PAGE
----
8 ways to motivate new employees

Has your organisation recently expanded their business, invested in bringing in some new expertise, or just have some fresh new recruits joining the team? If so, you might be in search of an employee onboarding checklist to guide you on how to support your employees through the first months in their new roles.

From directors to interns, hiring the right person can be a lengthy and challenging process, but it doesn’t stop at identifying the right fit for the role and company culture. The final part of the process – the onboarding – is often overlooked but it is vital for new starters. To settle into a new job, it typically takes around eight months before a newly hired employee reaches full productivity. Despite this, 35% of companies still have no official onboarding system. According to Dr Talya Bauer’s revised 5 C’s framework, employee onboarding builds towards compliance, clarification, confidence, connection, and culture. So, what does that mean for
you? Here, we look at a few practical steps to help new hires feel welcome, valued, and prepared to do their work to the best of their ability.

1. Give them purpose

Explaining to an employee how their work benefits your organisation could give them a better understanding of their role in the company, while showing them the direct effect of their work. In other words, it gives them a reason to do their best.

2. Challenge them

Giving them a challenge could motivate new starters to show their best selves, reassuring them of your trust and belief in their potential. Of course, it’s important to keep in mind that they might not be familiar with the processes of your organisation just yet, meaning that it would be good to ensure they aren’t overwhelmed.
To do this, why not walk them through every step of your organisation’s process beforehand? You could create an easily accessible guide that is easy to update and can be referred to as often as needed.

3. Track their progress

Setting clear goals and milestones can help new employees and their managers to align their expectations. So, to help them stay on track and feel supported in their role, try checking in with them frequently to see how they’re doing, and use these sessions as an opportunity to provide constructive feedback on their performance.

4. Take time to figure them out

Everyone is unique, meaning that each member of your team will have different personalities, traits, and communication styles. So, directly communicating with each new starter and observing their interactions with others could be incredibly useful when it comes to understanding these different traits they might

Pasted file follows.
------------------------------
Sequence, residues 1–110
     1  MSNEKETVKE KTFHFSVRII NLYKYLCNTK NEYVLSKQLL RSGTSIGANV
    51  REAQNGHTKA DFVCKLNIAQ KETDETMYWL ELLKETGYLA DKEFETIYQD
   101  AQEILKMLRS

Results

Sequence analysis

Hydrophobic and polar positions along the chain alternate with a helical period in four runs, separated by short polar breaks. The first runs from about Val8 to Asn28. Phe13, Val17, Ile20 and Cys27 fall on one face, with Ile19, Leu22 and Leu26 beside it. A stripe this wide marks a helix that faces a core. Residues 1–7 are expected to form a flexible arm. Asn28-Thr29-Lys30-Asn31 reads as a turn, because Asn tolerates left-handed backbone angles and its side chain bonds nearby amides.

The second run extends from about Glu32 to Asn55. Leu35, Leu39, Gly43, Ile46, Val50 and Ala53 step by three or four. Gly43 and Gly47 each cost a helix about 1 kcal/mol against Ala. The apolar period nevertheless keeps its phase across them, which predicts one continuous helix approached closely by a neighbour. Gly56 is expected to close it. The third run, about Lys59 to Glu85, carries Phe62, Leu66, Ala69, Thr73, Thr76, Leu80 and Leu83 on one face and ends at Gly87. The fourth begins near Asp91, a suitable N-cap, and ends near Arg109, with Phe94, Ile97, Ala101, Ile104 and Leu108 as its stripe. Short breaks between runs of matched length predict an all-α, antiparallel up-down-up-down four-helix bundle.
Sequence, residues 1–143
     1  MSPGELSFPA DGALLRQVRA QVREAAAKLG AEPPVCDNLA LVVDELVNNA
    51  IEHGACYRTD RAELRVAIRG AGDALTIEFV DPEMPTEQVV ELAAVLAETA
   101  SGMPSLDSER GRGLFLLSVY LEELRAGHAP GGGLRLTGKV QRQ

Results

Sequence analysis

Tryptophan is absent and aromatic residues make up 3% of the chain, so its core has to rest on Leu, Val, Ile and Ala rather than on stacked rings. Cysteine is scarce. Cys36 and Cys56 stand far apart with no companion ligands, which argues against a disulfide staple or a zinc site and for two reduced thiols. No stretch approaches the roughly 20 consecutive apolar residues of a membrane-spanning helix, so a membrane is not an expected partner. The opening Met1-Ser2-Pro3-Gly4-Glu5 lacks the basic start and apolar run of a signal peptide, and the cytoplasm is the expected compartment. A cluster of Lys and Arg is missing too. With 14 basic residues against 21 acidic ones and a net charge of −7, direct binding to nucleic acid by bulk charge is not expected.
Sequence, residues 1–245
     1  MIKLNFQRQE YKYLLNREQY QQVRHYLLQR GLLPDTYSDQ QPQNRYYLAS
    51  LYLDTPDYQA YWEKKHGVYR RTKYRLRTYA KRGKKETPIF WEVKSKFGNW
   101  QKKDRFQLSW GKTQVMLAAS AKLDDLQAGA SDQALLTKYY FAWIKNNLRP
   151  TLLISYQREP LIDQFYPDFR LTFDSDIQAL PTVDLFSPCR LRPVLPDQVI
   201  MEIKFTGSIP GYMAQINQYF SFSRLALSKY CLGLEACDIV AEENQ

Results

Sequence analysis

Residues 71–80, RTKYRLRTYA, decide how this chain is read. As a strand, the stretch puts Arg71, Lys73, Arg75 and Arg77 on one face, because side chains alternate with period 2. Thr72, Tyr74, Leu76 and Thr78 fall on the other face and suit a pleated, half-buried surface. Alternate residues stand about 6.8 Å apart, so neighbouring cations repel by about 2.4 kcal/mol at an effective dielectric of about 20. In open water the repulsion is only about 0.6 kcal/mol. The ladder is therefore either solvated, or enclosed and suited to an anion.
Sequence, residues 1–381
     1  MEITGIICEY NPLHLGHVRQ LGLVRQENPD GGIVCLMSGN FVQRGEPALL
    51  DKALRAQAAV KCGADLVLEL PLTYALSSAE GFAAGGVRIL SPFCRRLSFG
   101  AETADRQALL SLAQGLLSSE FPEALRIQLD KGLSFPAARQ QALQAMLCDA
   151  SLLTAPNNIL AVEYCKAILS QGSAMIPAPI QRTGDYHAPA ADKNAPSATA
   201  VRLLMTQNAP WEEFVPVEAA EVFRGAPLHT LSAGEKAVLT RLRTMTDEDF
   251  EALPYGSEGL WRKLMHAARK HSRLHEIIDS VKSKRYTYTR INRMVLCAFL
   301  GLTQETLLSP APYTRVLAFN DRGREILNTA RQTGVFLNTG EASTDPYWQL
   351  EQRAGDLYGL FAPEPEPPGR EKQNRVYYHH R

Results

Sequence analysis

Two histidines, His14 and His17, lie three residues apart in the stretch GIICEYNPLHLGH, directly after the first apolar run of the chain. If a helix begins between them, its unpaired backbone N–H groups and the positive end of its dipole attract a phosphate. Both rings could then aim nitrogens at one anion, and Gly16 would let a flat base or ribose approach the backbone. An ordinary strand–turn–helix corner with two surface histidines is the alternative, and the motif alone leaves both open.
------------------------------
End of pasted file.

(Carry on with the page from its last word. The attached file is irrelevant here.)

have. Here, empathy is key, and this could help to empathise with them just that little bit more, helping you to identify the best way to connect with them and make them feel understood, all while helping you to offer them the right advice and support them when working as part of a team.

5. Allocate an insider

More often than not, managers will have a more authoritative role in supporting new hires,
particularly in the beginning of the onboarding process. When it comes to new staff, they often need an ally — someone to show them the ropes, feel comfortable with, and have direct access to. Having one point of contact with them will also reduce the stress and awkwardness that might come with their first few days. Here, you can
ensure that there isn’t any important information slipping through the cracks.

6. Introduce them to the workplace culture

Another thing is to ensure that your new employees feel like they are part of the team fromday one. Invite them to team meetings, introduce them to colleagues, and provide opportunities for them to collaborate with others – these are just a few of many approaches that could help make them feel more connected to your organisation and its values.

7. Support their goals

Understanding someone’s professional goals will help you support them in the right direction, allowing you to offer them the right opportunities and think ahead about how their role can be developed. As conversations like this might not necessarily be connected directly to the responsibilities of their current role, it’s still always a good idea to chat about it in a more casual environment, to show them how important they are to you – and that you’re always there to support and
help them be the best they can be.

8. Reward their efforts

Pay attention to the ways in which your new starters try to be part of the team and how they like to put their skills to work. When they do, make sure to show your appreciation. With staff rewards and recognition being vital for them to feel recognised, valued, and satisfied in their role, this could help them remain engaged and committed to their tasks, all while increasing their productivity – resulting in better outcomes for them, as well as for your organisation, too.

If you don’t already have a reward system in place, an Asda corporate gift card or e-gift card could be a great way to say “thank you” and show them their efforts don’t go unnoticed. With corporate gifts just like this, you can encourage them to keep up the good work by letting them treat themselves among hundreds of products from Asda and George, in-store and online.